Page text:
During her presentation at the Witch House event, Burns raised a few eyebrows when she defended Caporael. However, the historian effectively weaved together a narrative giving a trippy and sometimes hilarious backstory to the counterculture-colored lens of the 1970s. Burns also presented a few of the sensational newspaper headlines associated with Caporael’s article and then discussed the country’s LSD-laced point of view a half century ago which culminated with Timothy Leary’s “tune in, turn on, drop out” call to action.

When Burns decided to “take ergot head on,” she said it was important for her to go directly to the theory’s originator. “Every story has a source. Who knows when it first started? It’s rare to actually know the flashpoint,” she said.

The idea that ergot poisoning was to blame for the Salem witch trials was simply a byproduct of Caporael’s time. “Linnda got it right,” Burns mused. “Well, she got the scientific method right.”

But how did Caporael’s moldy bread myth impregnate pop culture? Burns cites the hundreds of newspaper articles with over-the-top headlines as the culprit. Apparently, it was a slow news day. “People have agendas regarding how they interpret the past,” she continued. “We use facts to say what we want them to say.”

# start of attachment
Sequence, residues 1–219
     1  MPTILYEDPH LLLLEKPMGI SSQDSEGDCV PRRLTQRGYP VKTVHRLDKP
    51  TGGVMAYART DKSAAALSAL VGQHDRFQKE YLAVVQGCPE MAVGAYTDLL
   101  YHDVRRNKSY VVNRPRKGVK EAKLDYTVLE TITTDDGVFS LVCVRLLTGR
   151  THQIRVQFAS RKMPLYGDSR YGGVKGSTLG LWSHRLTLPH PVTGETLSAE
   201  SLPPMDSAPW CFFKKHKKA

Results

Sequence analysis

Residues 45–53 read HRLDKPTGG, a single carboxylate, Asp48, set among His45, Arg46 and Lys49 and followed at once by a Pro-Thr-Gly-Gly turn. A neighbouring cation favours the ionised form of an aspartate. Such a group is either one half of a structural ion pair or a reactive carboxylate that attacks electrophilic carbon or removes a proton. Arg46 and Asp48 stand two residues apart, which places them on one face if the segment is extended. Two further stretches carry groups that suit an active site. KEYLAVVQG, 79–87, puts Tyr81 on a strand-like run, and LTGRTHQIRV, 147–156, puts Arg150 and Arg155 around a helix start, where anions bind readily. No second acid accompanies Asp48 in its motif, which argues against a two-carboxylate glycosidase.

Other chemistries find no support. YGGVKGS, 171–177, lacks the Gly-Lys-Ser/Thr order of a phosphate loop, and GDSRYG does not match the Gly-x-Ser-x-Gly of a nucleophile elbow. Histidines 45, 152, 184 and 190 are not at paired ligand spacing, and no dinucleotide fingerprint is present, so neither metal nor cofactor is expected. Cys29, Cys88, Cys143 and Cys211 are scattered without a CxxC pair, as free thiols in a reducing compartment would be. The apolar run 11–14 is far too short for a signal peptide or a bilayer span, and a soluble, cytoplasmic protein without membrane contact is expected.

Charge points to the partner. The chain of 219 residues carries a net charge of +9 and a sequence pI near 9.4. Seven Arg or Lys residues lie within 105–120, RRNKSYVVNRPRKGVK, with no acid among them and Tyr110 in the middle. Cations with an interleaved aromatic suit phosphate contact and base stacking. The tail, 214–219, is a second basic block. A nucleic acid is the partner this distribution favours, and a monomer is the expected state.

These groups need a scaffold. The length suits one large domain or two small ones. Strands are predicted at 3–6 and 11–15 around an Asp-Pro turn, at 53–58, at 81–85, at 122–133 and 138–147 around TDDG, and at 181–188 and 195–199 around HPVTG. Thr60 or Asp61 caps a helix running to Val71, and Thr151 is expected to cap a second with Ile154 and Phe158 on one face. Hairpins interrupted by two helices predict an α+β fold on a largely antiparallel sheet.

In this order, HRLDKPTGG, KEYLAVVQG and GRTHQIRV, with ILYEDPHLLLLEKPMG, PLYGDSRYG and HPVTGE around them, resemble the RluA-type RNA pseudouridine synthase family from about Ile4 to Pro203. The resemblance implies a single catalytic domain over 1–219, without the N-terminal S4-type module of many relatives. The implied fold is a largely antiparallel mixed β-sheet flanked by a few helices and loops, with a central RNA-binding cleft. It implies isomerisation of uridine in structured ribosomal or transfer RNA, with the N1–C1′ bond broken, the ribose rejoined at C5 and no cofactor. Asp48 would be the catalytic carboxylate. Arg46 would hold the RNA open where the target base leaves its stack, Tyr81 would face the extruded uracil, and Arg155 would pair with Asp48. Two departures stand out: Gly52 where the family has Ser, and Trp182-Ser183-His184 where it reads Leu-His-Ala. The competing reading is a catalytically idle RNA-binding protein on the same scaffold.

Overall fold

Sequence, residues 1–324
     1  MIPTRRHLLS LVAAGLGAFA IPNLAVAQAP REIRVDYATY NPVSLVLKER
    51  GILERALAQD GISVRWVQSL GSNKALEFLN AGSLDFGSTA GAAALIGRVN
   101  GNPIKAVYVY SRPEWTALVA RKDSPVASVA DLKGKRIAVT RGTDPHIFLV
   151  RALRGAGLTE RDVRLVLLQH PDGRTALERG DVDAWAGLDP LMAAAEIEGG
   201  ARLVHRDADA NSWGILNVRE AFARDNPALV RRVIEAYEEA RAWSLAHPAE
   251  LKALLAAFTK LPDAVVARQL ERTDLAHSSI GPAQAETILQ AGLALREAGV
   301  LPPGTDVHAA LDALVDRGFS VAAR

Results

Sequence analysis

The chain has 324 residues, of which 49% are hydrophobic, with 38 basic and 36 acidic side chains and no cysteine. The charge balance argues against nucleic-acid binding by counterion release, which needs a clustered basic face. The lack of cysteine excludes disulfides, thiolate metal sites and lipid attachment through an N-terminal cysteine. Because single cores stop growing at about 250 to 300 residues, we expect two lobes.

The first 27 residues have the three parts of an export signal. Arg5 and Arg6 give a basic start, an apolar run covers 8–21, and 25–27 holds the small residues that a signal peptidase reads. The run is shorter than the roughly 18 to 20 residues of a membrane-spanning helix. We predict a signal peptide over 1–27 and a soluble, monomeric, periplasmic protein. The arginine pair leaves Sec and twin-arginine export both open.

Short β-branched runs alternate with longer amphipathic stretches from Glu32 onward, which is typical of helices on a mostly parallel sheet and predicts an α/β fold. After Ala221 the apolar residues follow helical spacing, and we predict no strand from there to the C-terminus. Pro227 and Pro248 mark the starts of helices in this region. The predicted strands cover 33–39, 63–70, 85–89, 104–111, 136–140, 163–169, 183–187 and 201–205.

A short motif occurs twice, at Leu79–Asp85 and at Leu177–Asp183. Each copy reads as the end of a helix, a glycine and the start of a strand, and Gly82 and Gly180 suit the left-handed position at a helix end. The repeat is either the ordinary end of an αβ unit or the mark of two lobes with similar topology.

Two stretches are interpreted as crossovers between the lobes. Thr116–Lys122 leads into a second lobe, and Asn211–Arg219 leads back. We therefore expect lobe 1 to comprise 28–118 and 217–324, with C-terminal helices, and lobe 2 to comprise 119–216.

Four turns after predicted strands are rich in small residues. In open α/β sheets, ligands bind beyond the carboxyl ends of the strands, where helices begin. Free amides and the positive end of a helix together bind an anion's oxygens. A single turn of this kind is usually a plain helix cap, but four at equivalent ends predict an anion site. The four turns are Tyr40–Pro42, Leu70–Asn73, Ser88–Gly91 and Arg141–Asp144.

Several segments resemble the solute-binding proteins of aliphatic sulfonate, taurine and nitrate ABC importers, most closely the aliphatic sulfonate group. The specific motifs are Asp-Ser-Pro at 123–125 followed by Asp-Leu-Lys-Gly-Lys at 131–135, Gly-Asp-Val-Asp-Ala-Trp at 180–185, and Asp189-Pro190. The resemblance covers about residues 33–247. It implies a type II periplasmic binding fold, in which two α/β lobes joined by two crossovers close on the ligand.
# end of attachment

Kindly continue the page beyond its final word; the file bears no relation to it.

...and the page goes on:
Meanwhile, the featured expert from TLC’s Who Do You Think You Are? is redirecting her focus on one of the more vilified characters from Salem’s witch-trials past, William Stoughton. He was the chief justice overseeing the special court of Oyer and Terminer and was somehow overlooked when Arthur Miller assigned the title of “hanging judge” to John Hathorne in The Crucible.

When asked if she views Stoughton as the ultimate bad guy, Burns said she is trying her best to be objective. History shouldn’t be interpreted with black-and-white thinking. “The more you know about a person,” she said, “the harder it is to demonize them.”